Note: an abbreviated version of this article titled “India’s Interest in Latin America must go beyond World Cup” was syndicated by Indo-Asian News Wire Service. A few portals that ran the article include: SIFY, TradeIndia, IndiaNewsPost, ThaIndian, SouthAsiaMail, ProKerala, Gulf Times, Qatar and the Ministry of Overseas Indian Affairs.
Over the next few weeks, millions of Indians, like their compatriots around the world, will be glued to the television, cheering for their favorite World Cup teams. Among the South American teams are traditional favorites, Brazil and Argentina. But other teams from the region include Uruguay, Paraguay and Chile. All these countries are football superpowers, with a long history of producing players who dazzle with their stylish play: eyes-in-the-back-of-the-head passing, bicycle kicks, dancing and dribbling past three or more defenders before scoring. The names of Messi, Kaká, Tévez and Forlán will echo off fans’ lips well after the finals.
In India, meanwhile, fever for those South American fútbol stars tends to fade once the games are over. Yet there is an important reason why enthusiasm for South America should persist beyond the World Cup: The Mercosur trade bloc of countries – Brazil, Argentina, Uruguay and Paraguay are the world’s emerging agriculture superpowers. They are already shipping their tremendous surpluses worldwide and, as agriculture outsourcing hubs, have the potential to meet India’s food needs in the coming decades.
South American surpluses, especially in oilseeds, pulses and sugar, will feed the growing food deficits in much of Asia, with shrinking arable land and expanding populations.
First some geographical context, since South America – unlike Canada and the United States – generally doesn’t appear on the Indian radar. Brazil is three times the size of India. It is even larger than the continental United States. Yet its population is about that of Uttar Pradesh and Uttarakhand. Argentina is nearly the size of India, with a population equivalent to New Delhi, Mumbai and Kolkata. Uruguay, sandwiched between Brazil and Argentina, is about the size of either Karnataka or Gujarat, three and a half times the size of Punjab, yet it holds less than half the population of Bangalore or Ahmedabad.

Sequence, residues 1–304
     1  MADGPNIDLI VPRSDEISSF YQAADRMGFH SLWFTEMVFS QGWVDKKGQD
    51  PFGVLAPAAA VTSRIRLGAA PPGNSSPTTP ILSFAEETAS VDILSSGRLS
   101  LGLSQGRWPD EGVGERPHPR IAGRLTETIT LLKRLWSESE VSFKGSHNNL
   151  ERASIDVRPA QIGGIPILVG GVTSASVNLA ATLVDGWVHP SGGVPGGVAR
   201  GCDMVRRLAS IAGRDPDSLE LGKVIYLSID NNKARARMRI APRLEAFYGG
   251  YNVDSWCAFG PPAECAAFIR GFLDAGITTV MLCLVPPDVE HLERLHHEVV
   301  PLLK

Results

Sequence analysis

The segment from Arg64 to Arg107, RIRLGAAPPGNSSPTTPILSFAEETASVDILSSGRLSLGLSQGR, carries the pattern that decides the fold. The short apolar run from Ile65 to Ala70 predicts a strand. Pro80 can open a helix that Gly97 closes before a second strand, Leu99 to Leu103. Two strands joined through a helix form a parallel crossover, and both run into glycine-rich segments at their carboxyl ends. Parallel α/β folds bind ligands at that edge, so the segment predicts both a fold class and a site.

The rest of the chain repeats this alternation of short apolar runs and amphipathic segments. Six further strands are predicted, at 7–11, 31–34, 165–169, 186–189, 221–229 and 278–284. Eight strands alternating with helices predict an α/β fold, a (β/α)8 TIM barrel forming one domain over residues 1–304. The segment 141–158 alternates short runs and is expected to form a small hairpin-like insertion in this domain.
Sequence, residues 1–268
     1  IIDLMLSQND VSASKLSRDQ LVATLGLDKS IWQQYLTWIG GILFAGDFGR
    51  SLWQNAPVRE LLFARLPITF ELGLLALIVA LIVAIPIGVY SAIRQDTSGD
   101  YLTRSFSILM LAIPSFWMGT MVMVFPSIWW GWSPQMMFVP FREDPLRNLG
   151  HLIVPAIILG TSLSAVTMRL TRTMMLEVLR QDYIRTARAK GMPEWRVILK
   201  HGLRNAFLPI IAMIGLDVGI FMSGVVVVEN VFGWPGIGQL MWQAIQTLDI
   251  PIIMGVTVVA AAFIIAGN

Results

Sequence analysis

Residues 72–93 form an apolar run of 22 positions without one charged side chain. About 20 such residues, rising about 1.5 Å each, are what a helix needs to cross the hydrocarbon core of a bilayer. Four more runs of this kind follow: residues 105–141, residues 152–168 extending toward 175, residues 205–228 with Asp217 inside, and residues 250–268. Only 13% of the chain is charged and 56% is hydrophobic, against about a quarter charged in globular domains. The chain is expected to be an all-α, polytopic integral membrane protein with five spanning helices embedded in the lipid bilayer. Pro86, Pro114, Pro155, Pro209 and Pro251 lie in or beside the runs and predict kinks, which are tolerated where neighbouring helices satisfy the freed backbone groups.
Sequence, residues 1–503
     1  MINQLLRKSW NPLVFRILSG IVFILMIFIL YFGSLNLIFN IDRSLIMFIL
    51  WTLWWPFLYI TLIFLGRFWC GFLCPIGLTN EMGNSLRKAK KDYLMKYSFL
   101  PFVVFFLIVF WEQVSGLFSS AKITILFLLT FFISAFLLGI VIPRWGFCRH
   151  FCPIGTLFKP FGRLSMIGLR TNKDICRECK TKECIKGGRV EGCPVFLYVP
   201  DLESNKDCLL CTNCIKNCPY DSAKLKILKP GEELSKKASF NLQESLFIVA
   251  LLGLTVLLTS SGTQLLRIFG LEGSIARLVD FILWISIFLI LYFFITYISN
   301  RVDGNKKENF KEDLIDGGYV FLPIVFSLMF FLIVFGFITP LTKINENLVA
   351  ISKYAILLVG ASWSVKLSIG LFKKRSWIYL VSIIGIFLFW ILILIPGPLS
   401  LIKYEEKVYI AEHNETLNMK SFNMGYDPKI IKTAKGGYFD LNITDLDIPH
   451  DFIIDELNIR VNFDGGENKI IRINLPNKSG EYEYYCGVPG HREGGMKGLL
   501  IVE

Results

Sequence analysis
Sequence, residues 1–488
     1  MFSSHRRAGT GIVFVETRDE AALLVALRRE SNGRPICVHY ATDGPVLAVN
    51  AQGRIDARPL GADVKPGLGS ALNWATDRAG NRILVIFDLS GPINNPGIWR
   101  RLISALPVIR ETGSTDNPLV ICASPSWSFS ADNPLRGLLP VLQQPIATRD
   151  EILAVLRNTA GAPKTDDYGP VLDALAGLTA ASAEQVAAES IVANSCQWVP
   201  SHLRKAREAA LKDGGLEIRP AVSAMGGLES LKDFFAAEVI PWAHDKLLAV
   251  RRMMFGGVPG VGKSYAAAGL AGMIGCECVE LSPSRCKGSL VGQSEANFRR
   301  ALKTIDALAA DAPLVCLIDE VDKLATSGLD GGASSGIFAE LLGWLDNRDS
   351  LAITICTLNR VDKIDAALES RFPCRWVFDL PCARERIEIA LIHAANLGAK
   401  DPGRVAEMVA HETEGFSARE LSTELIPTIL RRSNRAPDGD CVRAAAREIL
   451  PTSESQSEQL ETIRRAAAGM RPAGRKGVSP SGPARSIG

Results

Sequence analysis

Flying from India to cities like Buenos Aires, Montevideo or Sao Paulo, located in the South Atlantic seaboard, is quicker than getting to California. All these Mercosur countries lie in the tropical and temperate latitudes where a wide range of crops can be grown, outside the zones of hurricanes, earthquakes or volcanoes.
What makes the agribusiness fundamentals so great in these countries?
- Farmland is abundant, and scale farming on parcel sizes of more than 1000 hectares the norm. Many farms are 4000 hectares and larger. The soil quality is extremely good. Soybean yields, for example, are 3 to 4 tons per hectare; corn yields range from 5 to 12 tons per hectare; and rice yields total more than 7 tons per hectare.
- While crop yields are at least two to three times greater than those in India, the cost of farmland is only a fraction of Indian prices. Most farmland comes with clean property titles.